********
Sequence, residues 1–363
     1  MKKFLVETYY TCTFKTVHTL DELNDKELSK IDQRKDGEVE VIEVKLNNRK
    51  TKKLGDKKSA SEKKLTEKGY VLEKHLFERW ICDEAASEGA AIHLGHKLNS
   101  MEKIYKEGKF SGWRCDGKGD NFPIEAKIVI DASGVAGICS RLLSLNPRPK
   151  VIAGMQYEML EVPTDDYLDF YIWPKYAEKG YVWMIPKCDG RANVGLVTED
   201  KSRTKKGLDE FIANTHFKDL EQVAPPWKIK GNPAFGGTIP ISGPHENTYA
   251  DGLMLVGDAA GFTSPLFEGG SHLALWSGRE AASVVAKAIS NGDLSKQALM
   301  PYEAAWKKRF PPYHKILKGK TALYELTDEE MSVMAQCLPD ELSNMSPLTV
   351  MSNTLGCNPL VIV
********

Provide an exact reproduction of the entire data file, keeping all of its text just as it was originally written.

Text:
Sequence, residues 1–363
     1  MKKFLVETYY TCTFKTVHTL DELNDKELSK IDQRKDGEVE VIEVKLNNRK
    51  TKKLGDKKSA SEKKLTEKGY VLEKHLFERW ICDEAASEGA AIHLGHKLNS
   101  MEKIYKEGKF SGWRCDGKGD NFPIEAKIVI DASGVAGICS RLLSLNPRPK
   151  VIAGMQYEML EVPTDDYLDF YIWPKYAEKG YVWMIPKCDG RANVGLVTED
   201  KSRTKKGLDE FIANTHFKDL EQVAPPWKIK GNPAFGGTIP ISGPHENTYA
   251  DGLMLVGDAA GFTSPLFEGG SHLALWSGRE AASVVAKAIS NGDLSKQALM
   301  PYEAAWKKRF PPYHKILKGK TALYELTDEE MSVMAQCLPD ELSNMSPLTV
   351  MSNTLGCNPL VIV